Textiles are the bulk of the collection, and range from the colorful San Sebastian throws (woven blankets that come in geometric color patterns) to the minimalist Santa Ana tea towels (swathes of white linen crossed by a few thin lines of red, green, and blue).
Considering the effort that’s gone into these pieces, it’s not surprising that Emily has become rather attached to them. She was sad about selling their original table runner to a man in New York. “It’s such a bittersweet thing when the original pieces are selling, because I have such a love for them. It’s like, ‘Goodbye, friend!'” She frowns, but only for a moment. “But there will be more,” she says with a smile.
After only a year in business, Maya Mueble’s presence has grown significantly, with the company opening booths at the gallerias in Andersonville and Evanston and making appearances at events such as Square Roots and the Chicago Flea Market. By next year, Emily hopes to be manning a brick-and-mortar shop in Ravenswood or elsewhere on the North Side.
The founders are working to expand their supply base as well. A women’s co-op in Guatemala is currently working on rugs from Emily’s own designs, and the siblings hope to follow some potential leads in Peru, Bolivia, and Colombia. They have also started talking with woodworkers who live just down the road from the Gonzalezes about making teak tabletops from kiln-dried wood.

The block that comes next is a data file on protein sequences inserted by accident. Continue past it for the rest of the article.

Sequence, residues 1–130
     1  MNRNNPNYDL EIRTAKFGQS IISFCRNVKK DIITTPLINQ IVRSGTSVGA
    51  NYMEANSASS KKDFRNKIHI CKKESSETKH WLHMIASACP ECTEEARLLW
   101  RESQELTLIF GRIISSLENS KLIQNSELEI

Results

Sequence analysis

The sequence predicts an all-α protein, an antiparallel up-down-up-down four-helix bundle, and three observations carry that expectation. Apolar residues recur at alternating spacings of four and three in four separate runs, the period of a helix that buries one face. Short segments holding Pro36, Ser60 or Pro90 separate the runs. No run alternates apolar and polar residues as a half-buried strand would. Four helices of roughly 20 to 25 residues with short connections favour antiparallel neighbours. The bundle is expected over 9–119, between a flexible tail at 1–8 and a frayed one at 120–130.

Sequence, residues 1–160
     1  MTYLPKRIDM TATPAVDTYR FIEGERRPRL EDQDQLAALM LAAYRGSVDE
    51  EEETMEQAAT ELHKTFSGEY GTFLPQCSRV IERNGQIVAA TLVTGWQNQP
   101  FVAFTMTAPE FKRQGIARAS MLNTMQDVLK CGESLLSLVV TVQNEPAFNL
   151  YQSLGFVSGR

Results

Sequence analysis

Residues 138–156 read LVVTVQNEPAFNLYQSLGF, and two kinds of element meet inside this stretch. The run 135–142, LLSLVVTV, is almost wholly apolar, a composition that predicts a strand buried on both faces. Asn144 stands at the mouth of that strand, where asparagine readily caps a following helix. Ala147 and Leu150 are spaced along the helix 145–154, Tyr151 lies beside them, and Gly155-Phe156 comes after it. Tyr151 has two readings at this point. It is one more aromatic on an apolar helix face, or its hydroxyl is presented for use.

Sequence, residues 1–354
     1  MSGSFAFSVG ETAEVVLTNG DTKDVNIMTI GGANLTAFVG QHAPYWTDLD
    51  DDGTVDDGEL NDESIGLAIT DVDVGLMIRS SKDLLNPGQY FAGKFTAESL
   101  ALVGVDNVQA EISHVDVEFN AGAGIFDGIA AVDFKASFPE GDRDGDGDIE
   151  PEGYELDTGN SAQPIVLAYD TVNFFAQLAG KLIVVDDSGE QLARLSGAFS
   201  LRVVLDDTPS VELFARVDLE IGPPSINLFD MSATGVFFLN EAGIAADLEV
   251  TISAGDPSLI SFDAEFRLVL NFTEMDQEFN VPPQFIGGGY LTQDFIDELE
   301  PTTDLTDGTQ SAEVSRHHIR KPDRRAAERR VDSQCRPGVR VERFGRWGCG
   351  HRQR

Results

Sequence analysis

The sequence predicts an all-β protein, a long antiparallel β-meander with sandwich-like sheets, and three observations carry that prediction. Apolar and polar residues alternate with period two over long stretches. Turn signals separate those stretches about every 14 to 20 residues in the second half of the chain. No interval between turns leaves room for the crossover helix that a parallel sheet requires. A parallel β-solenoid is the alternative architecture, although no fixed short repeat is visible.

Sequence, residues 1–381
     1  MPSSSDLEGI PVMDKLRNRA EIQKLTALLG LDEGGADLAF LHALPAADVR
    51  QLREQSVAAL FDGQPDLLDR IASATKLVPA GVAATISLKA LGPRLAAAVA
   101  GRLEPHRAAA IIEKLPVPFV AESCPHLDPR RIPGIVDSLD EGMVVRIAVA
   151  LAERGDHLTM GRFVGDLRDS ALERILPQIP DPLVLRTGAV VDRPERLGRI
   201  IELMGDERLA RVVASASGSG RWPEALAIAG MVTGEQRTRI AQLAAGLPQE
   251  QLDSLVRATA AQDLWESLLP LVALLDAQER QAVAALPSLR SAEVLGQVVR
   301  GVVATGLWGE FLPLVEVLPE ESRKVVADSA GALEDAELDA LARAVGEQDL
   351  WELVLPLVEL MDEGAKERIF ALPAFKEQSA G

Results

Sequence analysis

The reason for expanding in this way is not just to diversify the company’s inventory, but also to make the company a driver of sustainable economic growth. Brian says he hopes the business can “get a lot of different people involved that can make a living off of it … and help some people grow organically, as opposed to just giving them money.”
If the business continues to succeed, it will be because Emily and Brian are so comfortable deferring to each other’s strengths. “She’s the one who’s done most of the work and developed the creative end of it,” Brian says about his sister. “I’m not good at any of the stuff that she does.”
Meanwhile Brian gets credit for his analytical mind and business sense, not to mention his love for Latin American culture, which drives the company. “[Brian] was really passionate about starting this business,” Emily says. “Without him, this would be nothing.”